Otherwise, the Allan Pitt Minion in its box is pretty close in size to a Large Moleskine notebook – about half again as thick, a half inch shorter and almost the same width.
    *(To my knowledge, Allan is the only company offering text-only Pitt Minion KJVs, as opposed to Cambridge’s Pitt Minion Reference editions. Does anyone know otherwise?)

  14. @chad: I love that Uniball 207 Premier pen too; I just love the grip on it – I use it for exams!
    I’m normally use blue Pilot G-2 05s for notetaking…
    My current Bible & notebook combo:
    ESV Classic Thinline (tan) + Large Moleskine notebook (black)
    The Bible is a tad taller than my Moleskine notebook, and color don’t match. But once I get my new SCR Premium Calfskin, they’re gonna look like a happy married couple 😉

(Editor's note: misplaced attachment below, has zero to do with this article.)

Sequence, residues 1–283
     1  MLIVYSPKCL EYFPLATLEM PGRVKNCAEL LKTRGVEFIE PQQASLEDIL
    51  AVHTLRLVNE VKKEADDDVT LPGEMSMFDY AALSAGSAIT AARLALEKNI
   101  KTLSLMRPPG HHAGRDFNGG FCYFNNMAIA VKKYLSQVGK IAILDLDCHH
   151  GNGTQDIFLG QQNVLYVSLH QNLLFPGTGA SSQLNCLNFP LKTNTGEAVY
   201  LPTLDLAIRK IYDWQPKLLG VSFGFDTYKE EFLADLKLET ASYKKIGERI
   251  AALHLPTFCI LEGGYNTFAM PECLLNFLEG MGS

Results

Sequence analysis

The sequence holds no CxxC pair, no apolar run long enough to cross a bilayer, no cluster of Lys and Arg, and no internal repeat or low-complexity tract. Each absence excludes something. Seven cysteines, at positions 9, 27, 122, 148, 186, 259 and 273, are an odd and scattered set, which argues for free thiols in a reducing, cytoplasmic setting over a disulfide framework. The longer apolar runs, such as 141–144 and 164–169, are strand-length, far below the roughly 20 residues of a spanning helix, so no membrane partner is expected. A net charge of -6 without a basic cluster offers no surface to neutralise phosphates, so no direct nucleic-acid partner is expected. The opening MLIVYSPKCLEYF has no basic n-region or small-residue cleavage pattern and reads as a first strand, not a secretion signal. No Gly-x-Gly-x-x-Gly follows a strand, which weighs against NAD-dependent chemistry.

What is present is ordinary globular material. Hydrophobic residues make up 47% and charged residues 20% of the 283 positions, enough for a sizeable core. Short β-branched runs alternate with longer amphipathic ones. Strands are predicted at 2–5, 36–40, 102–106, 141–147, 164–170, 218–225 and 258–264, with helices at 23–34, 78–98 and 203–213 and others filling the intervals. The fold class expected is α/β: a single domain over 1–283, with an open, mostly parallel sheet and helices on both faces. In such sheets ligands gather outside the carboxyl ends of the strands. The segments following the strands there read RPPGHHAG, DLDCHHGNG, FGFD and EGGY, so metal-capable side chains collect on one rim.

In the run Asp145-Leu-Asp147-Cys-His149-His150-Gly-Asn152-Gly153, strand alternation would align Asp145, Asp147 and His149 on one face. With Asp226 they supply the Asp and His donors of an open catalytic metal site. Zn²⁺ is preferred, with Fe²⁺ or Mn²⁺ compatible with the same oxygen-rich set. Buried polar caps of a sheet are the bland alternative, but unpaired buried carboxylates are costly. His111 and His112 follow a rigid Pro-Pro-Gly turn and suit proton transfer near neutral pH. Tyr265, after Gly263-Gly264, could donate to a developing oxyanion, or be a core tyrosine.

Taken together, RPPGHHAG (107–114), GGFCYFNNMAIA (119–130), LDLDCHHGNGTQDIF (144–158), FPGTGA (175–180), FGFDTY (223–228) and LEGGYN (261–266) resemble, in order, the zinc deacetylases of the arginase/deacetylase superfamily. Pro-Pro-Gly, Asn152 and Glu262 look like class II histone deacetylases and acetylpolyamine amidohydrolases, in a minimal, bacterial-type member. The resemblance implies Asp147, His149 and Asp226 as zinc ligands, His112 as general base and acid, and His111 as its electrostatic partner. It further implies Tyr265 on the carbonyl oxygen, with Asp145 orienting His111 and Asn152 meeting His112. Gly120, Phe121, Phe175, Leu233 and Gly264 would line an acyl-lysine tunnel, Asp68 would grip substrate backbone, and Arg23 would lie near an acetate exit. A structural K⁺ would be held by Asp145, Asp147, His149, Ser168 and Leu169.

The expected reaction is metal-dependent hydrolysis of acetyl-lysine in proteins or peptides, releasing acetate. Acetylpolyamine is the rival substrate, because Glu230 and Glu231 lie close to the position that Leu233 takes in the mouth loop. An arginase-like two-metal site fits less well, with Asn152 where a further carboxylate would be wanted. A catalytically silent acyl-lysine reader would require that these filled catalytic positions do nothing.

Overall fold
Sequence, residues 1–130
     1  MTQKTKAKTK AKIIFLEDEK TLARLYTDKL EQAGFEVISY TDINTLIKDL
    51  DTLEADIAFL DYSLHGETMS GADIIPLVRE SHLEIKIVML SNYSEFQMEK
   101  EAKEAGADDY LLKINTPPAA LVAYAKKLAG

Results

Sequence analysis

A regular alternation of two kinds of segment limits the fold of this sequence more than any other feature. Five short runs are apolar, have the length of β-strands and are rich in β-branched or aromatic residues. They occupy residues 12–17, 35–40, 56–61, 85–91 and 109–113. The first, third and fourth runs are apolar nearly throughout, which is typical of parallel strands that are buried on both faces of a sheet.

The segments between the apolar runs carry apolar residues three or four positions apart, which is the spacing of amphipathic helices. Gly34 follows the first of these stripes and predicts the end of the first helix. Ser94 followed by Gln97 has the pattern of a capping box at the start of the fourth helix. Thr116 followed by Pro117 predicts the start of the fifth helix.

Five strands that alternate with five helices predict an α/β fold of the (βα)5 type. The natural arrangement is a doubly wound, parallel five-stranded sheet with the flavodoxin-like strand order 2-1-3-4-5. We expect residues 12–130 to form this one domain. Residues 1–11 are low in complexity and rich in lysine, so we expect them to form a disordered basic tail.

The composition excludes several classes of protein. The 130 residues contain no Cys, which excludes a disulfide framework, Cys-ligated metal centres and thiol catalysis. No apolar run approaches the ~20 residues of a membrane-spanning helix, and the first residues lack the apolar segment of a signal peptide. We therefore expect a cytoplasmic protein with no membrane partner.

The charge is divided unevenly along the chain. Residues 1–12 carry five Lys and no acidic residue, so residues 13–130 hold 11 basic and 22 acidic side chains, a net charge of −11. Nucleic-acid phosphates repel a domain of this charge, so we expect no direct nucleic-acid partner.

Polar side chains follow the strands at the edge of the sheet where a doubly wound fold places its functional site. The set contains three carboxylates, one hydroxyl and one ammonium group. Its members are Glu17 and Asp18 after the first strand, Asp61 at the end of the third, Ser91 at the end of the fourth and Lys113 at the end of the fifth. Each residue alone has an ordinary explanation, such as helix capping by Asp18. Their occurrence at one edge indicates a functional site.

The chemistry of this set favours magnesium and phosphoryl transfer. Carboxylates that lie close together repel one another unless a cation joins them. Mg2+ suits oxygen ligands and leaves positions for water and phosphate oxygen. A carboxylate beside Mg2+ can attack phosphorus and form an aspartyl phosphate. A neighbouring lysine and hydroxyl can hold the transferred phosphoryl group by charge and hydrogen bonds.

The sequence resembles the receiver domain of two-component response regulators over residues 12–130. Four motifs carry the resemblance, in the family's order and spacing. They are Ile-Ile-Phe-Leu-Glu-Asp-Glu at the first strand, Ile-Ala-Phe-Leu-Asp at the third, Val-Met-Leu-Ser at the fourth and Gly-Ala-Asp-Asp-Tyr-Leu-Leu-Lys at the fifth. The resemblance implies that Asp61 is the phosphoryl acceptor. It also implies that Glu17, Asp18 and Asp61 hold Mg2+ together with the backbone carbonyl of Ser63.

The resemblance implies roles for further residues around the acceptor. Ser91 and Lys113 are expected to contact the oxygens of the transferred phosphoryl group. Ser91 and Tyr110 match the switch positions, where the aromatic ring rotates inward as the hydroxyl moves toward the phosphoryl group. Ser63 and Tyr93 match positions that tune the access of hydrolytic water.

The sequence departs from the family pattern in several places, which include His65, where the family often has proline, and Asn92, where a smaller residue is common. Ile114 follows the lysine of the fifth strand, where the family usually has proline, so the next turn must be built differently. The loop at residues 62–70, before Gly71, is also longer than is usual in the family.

15. @Brian:
    I’ve bought Moleskine large ruled/plain notebooks from my local Borders store.
    $16.95 regular price; I usually use the 20% coupon they regularly have from their website. Comes out to $13.56 before taxes.
    I’ve also bought from Amazon: $28.98 for 2pack (but you gotta pay extra for shipping)

  16. I’ve been using these:
    The paper won’t bleed through or feather with whatever ink I load into various fountain pens. The biggest advantage is that with the wire binding they completely fold around, cover to cover, making it easier to take notes with the journal balanced on my knee.
    The fancier journals I save for the desk at home.